I have been on the road alot this past week or so ... how do you travelers stay slim?
Road food is way too fatty, carby, megaportiony.
Let's see, since Monday a week ago, I've been in Fort Pierce for 5 days, then to St. Aug for an overnighter pond workday, then home to PFHQ, then back to St. Aug for a pond workday, and now, finally home again to PFHQ.
I know that's nothing for you jetsetters, but I have roots.
When I was in Fort Pierce, I used every afternoon to find some kind of wild place ... the natural kind that is.
My best find was Savannas State Preserve. I only visited one small access point on this long park, so there's much to return to see, but I had a great late afternoon visit there.
I had the entire park area to myself as I cruised down a bumpy (most roads are bumpy in the JEEP) dirt road to an overlook over a drying freshwater pond.
The shallow, shrinking waters were concentrating the small fish and putting them in range of wading birds like egrets, woodstorks, ibis, and herons.
Even terns were dipping into the action ... the ocean is only about a mile away.
This pond, had shrunk far from it's shores and the water seemed shallow and wadeable everywhere judging from the presence of egrets and their kin in all it's regions. The boardwalk seemed limiting and the sandy shore of the shrunken pond beckoned, so I took a stroll along the water's edge, hoping for some action.
There were large swirls and skittery small fish, so I assume a few bass were enjoying the concentrated food also.
There definitely were tilapia, although I never actually saw one in the very shallow shore waters.
I saw their evidence.
The now dry shoreline was pockmarked with huge tilapia nest craters that the receding waters had exposed. Other craters were visible in the shallow waters, one after another.
That is one thing I noticed about freshwater bodies around Fort Pierce, everyone I looked in over that week had blue tilapia in them.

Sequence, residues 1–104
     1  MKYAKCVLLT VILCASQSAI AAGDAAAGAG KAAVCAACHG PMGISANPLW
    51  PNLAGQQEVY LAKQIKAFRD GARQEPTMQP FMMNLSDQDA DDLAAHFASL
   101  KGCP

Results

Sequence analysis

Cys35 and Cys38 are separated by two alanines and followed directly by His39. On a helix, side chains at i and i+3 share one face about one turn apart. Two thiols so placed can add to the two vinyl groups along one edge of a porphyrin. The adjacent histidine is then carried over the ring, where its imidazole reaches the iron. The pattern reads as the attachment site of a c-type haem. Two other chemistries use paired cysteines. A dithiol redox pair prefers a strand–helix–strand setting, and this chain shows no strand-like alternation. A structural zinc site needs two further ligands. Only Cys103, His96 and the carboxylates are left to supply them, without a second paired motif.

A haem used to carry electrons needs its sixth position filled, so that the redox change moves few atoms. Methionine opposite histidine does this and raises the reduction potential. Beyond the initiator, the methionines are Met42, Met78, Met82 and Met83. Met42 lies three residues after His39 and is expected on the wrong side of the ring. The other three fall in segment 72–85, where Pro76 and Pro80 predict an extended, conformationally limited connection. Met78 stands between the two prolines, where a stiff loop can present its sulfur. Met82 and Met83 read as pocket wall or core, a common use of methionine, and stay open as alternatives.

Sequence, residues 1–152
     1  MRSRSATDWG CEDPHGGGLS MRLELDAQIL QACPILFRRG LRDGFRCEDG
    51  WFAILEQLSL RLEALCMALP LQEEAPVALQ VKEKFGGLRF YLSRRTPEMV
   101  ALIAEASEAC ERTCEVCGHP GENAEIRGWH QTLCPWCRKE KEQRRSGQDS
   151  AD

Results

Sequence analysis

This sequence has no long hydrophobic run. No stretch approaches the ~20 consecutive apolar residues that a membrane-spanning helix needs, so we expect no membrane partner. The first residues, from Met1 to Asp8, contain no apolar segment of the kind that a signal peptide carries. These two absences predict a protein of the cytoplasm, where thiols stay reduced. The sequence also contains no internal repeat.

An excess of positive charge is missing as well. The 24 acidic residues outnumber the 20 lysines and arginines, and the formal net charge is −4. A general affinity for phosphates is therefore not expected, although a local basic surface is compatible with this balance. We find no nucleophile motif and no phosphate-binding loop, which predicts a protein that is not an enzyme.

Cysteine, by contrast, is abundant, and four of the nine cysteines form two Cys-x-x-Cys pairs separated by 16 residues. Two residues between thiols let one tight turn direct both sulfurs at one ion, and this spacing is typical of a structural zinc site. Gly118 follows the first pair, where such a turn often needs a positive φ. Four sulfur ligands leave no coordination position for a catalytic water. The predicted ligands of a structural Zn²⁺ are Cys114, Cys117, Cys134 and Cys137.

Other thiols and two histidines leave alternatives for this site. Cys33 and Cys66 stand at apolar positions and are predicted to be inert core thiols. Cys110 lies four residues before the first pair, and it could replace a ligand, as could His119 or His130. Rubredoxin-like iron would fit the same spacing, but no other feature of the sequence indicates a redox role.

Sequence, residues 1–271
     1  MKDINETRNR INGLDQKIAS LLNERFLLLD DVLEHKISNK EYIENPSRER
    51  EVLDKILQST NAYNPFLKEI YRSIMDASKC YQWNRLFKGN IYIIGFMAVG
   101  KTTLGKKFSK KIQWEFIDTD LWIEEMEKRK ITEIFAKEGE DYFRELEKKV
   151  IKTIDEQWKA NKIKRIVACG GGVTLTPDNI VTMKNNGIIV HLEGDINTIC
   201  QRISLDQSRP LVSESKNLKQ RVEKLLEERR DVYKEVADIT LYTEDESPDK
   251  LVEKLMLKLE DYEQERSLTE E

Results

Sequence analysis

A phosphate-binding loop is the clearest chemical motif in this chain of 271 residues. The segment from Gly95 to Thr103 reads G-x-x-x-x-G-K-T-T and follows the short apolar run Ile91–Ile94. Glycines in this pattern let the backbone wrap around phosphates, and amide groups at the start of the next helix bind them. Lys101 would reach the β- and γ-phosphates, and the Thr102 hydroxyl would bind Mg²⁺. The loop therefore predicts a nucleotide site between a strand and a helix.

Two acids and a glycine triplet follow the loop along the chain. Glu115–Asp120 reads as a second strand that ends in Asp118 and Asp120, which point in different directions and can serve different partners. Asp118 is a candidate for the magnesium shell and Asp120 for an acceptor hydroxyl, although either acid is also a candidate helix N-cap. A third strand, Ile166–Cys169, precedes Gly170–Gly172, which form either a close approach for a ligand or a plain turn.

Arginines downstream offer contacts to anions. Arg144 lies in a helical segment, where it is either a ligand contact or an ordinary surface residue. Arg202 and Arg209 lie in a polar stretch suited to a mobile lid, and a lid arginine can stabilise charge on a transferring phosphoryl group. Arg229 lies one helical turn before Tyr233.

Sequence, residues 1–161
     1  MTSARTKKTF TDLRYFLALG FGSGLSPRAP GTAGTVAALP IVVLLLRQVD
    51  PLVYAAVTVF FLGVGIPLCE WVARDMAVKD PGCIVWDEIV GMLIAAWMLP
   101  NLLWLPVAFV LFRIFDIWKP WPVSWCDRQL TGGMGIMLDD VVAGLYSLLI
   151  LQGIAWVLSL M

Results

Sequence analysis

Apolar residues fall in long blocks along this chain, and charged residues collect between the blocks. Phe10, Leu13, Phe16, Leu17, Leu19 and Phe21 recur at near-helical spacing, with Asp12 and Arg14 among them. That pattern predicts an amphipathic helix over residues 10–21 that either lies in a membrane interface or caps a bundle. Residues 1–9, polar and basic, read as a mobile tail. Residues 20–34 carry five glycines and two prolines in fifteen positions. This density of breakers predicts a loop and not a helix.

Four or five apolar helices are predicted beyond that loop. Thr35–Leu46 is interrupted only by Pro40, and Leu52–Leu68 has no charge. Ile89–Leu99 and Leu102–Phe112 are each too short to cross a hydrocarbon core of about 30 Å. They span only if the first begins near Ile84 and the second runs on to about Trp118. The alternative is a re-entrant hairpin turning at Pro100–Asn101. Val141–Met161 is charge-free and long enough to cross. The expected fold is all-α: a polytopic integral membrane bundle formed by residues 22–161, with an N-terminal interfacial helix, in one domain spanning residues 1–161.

Now, tilapia are the perfect aquaculture fish, but that and the dinner plate is the only place we sing their praises. They don't belong in our wild Florida waters, but they are here and here to stay unless someone comes up with a magic bullet for them.
Up here around PFHQ, we just don't see them often thanks to our cold winters ... although they are present on the state's property (University of Florida campus) which is ironic since the state makes it tough for we private guys to possess them ... even though they apparently have let them loose ...
... I'm soapboxing here aren't I?
Back to the Savannas and the birds ...
The Woodies were out feeding and they really need this type of habitat. Their feeding method is to open their bill and swish back and forth through the water. When they contact something, SNAP! The bill closes and the prey gets gulpificationized.
Obviously, this doesn't work well in deep water where fish, tadpoles, crawfish, etc are dispersed over a wide area.
It's sweetly efficient in this drying lake situation though.
This sand hill crane and her chick popped in right after I walked back out of the lake and up on to the visitor boardwalk ... after getting closeups of the crane below.
I thought I was done. I just happened to glance back to where I had just been and there they were, so I got this one shot of the two of them.
I shot a bazillion bad shots of this crane as I inched closer and closer to him. I kept expecting him to fly so each shot seemed like the last one, but moving slow and pausing often, I got to within 40 feet, and then I didn't push it anymore, as that was plenty close enough for a large bird in my Sony's lens.
He was pretty relaxed. There was lots of looking around, feeding, walking, and finally some preening in the late day light.
No, since your wondering ... I did not molest any alligators on this sojourn.
In fact ... weirdly, I did not see the first gatory face in the two hours I spent in and out of the pond.
I don't know if they saw me or not.